Like most religions, Judaism developed within a patriarchal society. Men recorded and interpreted religious law and wrote the traditional prayers. Miriam's Cup is a newer ritual object that is placed on the Seder table beside the Cup of Elijah to represent her importance -- and the importance of many women -- in the Passover story. Miriam's Cup is filled with water, rather than wine, and serves as a symbol of Miriam's Well, which was the source of water for the Israelites in the desert for 40 years. To emphasize this, everyone at the Seder table should fill Miriam's cup with a little water from your own water glass.
Filling Miriam's Cup is also a way of drawing attention to the importance of the other women of the Exodus story who have sometimes been overlooked but about whom Jewish tradition says, "If it wasn't for the righteousness of women of that generation we would not have been redeemed from Egypt." (Babylonian Talmud, Sotah 9b) In Exodus, there are five brave women: Yocheved, Moses’ mother, who chooses to let her son, Moses, live; and Shifra and Puah, the Hebrew midwives who defy the Pharaoh's order to kill the first born sons of the Jews. Then there is Miriam, Moses’ sister, who ensures her brother will live and about whom the following story is told:
Miriam prophesied, “my mother is destined to bear a son who will save Israel.” When Moses was born the whole house filled with light. Miriam’s father arose and kissed her on the head, saying, “My daughter, your prophecy has been fulfilled.” But when they threw Moses into the river, her father tapped her on the head saying, “Daughter, where is your prophecy?” So it is written, “And Miriam stood afar off to know what would become of the latter part of her prophecy.”
Finally, there is Pharaoh’s daughter, Batya, who defies her own father and plucks baby Moses out of the Nile. When Batya’s handmaidens saw that she intended to rescue Moses, they attempted to dissuade her, but Batya ignored them and did what she knew was right. As a result, she allowed the Jewish people to be saved.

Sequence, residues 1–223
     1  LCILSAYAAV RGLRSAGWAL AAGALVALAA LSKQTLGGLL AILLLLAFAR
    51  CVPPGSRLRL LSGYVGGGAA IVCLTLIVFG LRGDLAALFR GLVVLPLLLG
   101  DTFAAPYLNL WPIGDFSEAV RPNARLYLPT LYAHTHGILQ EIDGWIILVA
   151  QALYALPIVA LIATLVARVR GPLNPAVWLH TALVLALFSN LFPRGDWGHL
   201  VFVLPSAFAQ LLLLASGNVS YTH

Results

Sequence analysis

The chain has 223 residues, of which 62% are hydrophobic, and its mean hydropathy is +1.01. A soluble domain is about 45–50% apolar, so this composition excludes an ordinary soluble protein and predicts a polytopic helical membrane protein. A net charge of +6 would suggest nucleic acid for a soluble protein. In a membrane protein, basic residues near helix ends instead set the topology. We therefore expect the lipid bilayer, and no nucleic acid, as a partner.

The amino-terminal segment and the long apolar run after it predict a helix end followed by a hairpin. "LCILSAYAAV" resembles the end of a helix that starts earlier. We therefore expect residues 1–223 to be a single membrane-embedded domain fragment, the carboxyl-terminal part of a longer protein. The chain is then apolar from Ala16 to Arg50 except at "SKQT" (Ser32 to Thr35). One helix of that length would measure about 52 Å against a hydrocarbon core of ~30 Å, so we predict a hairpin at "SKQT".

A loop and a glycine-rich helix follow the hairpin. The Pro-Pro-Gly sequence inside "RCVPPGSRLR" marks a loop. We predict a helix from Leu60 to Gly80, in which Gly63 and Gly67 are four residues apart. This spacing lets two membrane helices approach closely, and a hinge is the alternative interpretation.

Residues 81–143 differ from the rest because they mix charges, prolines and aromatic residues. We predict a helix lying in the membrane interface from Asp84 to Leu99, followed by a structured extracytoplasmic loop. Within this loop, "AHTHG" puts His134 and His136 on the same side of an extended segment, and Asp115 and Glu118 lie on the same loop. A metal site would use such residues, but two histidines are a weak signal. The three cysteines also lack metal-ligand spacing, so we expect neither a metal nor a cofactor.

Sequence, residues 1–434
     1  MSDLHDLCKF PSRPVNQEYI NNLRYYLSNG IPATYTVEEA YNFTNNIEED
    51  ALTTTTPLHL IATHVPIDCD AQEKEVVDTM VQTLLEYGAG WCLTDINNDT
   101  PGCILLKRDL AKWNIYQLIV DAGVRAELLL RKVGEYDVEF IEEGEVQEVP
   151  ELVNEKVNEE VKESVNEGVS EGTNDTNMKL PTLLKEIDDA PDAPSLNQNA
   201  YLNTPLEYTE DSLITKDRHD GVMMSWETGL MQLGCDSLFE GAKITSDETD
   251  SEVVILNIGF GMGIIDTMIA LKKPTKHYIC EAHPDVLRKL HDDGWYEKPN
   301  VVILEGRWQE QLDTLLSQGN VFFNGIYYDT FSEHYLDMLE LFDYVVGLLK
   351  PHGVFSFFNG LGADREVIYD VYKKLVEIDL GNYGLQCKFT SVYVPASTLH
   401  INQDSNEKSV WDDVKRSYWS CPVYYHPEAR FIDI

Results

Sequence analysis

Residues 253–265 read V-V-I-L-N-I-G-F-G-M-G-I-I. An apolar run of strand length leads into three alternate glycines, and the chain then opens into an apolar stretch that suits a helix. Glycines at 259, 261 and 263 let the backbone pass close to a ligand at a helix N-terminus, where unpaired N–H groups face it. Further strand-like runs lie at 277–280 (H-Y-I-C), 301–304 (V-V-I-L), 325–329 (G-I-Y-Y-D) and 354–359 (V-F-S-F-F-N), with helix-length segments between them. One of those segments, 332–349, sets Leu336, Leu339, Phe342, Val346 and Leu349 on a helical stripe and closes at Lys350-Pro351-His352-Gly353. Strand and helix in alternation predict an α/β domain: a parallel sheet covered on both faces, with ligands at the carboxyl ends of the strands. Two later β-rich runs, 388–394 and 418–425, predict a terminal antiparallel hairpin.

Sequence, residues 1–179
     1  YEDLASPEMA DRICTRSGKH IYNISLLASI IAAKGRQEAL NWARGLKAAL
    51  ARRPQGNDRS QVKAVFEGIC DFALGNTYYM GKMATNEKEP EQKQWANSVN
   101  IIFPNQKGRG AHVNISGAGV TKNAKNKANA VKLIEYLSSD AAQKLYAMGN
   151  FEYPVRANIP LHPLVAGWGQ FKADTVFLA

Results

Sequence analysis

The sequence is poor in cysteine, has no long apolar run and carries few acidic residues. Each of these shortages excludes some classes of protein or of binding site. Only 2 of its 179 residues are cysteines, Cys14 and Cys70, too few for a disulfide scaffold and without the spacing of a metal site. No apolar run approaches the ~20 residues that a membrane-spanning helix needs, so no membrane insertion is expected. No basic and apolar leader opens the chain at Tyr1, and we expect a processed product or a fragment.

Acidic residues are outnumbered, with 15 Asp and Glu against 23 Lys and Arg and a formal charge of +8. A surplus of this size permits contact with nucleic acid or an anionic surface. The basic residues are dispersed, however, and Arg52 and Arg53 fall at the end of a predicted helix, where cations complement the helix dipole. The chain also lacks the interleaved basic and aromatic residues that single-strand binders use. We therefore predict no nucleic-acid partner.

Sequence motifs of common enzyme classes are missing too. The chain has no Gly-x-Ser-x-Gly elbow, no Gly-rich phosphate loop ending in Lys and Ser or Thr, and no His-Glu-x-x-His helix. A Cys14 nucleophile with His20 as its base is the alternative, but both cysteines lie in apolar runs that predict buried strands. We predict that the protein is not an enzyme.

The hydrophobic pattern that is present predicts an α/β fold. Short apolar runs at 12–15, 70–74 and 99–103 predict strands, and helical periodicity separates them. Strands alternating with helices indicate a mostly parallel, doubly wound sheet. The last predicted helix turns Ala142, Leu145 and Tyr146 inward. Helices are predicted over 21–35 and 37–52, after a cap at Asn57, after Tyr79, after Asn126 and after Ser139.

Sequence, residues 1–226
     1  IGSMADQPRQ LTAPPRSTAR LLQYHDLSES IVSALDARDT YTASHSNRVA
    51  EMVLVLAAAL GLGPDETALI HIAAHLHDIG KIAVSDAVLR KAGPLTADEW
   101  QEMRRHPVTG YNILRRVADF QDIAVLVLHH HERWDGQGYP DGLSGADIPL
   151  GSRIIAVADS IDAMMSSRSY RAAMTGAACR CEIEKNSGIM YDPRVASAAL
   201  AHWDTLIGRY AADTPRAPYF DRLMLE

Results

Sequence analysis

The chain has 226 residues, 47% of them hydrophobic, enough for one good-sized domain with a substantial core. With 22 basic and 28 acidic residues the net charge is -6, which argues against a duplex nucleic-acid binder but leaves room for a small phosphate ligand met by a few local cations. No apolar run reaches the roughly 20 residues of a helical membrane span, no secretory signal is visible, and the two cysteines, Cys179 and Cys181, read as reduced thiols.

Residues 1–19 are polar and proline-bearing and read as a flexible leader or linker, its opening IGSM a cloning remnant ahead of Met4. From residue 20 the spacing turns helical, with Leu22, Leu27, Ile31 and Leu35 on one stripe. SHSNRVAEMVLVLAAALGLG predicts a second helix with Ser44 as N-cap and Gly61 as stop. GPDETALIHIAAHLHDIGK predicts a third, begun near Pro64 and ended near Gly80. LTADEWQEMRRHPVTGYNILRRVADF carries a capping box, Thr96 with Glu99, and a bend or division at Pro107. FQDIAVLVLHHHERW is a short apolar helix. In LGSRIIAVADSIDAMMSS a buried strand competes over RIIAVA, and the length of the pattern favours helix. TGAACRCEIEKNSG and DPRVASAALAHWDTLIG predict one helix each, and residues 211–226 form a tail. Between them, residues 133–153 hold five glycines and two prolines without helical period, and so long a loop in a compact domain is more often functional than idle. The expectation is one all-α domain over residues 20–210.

These women were women of action, prepared to defy authority to make their visions a reality. Retelling the heroic stories of Yocheved, Shifra, Puah, Miriam and Batya reminds all of us—women and men—that with vision and the courage to act, we can carry forward the tradition those intrepid women launched.
Like Miriam and the other women of Exodus, women in all generations and all cultures have been essential for the continuity of our people. Let us drink from our water glasses to celebrate them, and draw from the strength and wisdom of our heritage.
[Leader: Fill Miriam's cup with water. When filled, everyone raises their water glass.]
Leader: Yehi ratzon milfanecha, adonai eloheinu, velohei avoteinu v'imoteinu, borei ha'olam: shetishm'reinu ut'kaymeinu bamidbar chayeinu im mayim chayim. V'titen lanu et hachizzuk v'et hachomchah l'daat she'tzmichat geulateinu nimtza baderekh chayim lo rak b'sof haderekh.
"Blessed is the force that sustains us with living water. May we, like the children of Israel leaving Egypt, be guarded and nurtured and kept alive in the wilderness, and may we receive the wisdom to understand that the journey itself holds the promise of redemption."
[Everyone: Take a sip of water from your water glass!]
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